In the countryside of Green Dragon, Joy thinks she has found it all. Love and happiness, helping her country as she is told. However she has no idea that Pearl is in the country trying to find her. When she finally finds her back in Shanghai, Joy is upset and still angry, and in love, she thinks anyway.

Pearl, Joy and Z.G. make a trip back to the countryside, Joy thinks her happiness will be there with Tao. After they are married though, Joy finds out a completely different side of Tao. She also finds out that the country she has been supporting maybe isn't everything they promised, making them work non-stop and not feeding them in return. The Great Leap Forward may not be so great. Will Joy be able to make it out?

This book was hearbreaking at times but a wonderful book continued about 2 sisters love for each other, even in the hard times. Also it has a bit of a love story and the best part is our love for our children, whether they be biologically or not! Enjoy, Lisa See is a master storyteller!
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VINE VOICEon May 9, 2011
Format: Hardcover|Vine Customer Review of Free Product( What's this? )
This novel is the sequel to Shanghai Girls, and while it would be beneficial to have read the first one, it is not necessary to do so. The book stands on its own. If you enjoy historical fiction this is a well-written tale set in China during the late 1950s and early 1960s during a specific period of Mao's communist leadership called "The Great Leap Forward." I found aspects of the book absolutely fascinating. Lisa See does a good job of alternating the voices of the mother (Pearl) and her daughter (Joy) as they bring to life the hardships that were endured. She does a fine balance of bringing to light the atrocities that occurred without making the book completely depressing. She shows how love and perseverance can triumph in the midst of difficulty.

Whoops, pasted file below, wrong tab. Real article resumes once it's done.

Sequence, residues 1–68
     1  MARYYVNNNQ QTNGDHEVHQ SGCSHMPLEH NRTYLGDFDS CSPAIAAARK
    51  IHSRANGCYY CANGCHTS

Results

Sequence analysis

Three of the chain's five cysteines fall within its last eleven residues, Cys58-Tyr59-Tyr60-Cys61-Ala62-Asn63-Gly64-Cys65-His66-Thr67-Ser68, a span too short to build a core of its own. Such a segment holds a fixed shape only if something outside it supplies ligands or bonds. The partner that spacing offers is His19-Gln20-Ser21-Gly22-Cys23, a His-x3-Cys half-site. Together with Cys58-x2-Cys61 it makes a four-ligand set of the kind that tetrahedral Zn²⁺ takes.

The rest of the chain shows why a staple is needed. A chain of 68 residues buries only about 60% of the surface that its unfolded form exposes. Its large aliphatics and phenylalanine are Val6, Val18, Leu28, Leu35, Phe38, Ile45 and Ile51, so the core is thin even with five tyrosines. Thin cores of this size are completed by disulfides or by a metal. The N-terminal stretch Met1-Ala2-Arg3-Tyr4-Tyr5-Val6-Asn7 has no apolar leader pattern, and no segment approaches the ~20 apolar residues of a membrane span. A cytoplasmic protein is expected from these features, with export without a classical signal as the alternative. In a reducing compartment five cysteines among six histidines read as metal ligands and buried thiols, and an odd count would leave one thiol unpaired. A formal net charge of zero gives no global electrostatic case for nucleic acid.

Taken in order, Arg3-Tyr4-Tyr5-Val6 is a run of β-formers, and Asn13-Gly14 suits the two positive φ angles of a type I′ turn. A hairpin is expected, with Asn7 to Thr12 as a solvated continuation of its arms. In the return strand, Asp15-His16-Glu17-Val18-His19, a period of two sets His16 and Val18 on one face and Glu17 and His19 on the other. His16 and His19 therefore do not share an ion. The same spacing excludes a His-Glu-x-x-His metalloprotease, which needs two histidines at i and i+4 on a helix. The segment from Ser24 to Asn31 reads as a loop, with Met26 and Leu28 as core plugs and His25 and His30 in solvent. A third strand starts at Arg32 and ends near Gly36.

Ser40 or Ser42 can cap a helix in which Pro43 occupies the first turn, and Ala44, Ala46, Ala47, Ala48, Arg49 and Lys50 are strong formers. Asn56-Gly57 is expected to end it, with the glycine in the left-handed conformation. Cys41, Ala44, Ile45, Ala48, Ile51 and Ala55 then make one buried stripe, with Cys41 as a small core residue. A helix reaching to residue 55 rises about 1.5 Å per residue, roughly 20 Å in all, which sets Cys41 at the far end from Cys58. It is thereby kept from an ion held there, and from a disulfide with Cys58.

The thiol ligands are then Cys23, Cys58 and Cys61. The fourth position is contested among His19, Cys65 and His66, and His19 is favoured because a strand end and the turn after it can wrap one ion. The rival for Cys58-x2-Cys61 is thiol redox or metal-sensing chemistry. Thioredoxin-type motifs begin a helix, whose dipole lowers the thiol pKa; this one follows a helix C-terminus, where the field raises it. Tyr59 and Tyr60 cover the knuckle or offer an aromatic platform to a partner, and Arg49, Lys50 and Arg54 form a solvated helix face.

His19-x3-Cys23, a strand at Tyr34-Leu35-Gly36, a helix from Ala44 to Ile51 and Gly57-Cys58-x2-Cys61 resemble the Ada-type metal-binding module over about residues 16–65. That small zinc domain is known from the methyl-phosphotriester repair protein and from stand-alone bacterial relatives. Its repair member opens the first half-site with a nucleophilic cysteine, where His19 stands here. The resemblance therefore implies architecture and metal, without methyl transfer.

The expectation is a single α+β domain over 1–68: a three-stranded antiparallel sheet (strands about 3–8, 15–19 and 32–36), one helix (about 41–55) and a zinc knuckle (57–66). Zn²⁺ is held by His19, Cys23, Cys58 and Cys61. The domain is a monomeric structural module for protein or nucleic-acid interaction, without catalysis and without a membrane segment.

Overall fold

Absolutely would recommend this book.
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on May 13, 2011
Format: Hardcover|Vine Customer Review of Free Product( What's this? )
"Dreams of Joy" is a wonderful book, one that takes you back into mid 20th century China. It takes place during the tumultuous reign of Mao Zedong, a time period I'm really interested in as a history major in college. Lisa See has constantly been a go-to author for me. "Snow Flower and the Secret Fan" was probably one of the best books of historical fiction that I've ever read, and "Dreams of Joy" is no less. I'm not going to give you a summary of the book since others have already done such a good job of it.

This book is a heart-wrenching look at all of the different types of love there is: patriotism, family love, and, of course, romantic love. The strongest type of love seen in this story is family love, as Pearl is resolved to save Joy in a period of such difficulties. I was a bit worried when I picked up this book that the pacing would be too slow, as it has been with so many of the books I've been reading lately, but no worries on that note! I kept turning the pages, wanting to know what would happen next to Joy (a rash, impetuous girl) and Pearl. The characters themselves are 3-dimensional and well-written, and never once did I question the motives of the characters. I understood why Joy was mad at Pearl and May, and I understood her motivation for supporting the "New China." I did become somewhat annoyed with the rash Joy at times, but then I realized that we're all humans and we all make mistakes.

Overall, this was an amazing book and I definitely recommend it!
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VINE VOICEon May 23, 2011
Format: Hardcover|Vine Customer Review of Free Product( What's this? )
Every generation wants independence and to forge a new and separate life from the mothers who seem to over protect them. Sometimes it takes tragedy, extreme hardship and even death before we see that we become our mothers and that is not always a bad thing.

This story begins with "Shanghai Girls" and will take on a greater depth of meaning if you read that book first. It can stand alone though, because Ms. Lisa See is a brilliant author.

I read her books because of the cultural connections she brings to her stories. Ms. See is a Chinese-American and had done extensive travel and research when working on her projects. This is a story of love, heart break, patriotism, roots, longings and unbelievable horror. The details are hard to read and harder to absorb, but that's what makes this novel feel so real. Where else would you learn that the shelters were so cold that the farmers had to sleep on top of their work clothes so they would be a little warmer in the morning. Women getting the monthly visit from the Little Red Sister would have to wrap sand in cloth and wedge it between their legs, because sanitary products were unheard of. During The Great Leap Forward, Chairman Mao had the starving farmers put their harvests piled up on the roadways so that people passing through would think there was so much food that the farmers could feed the world.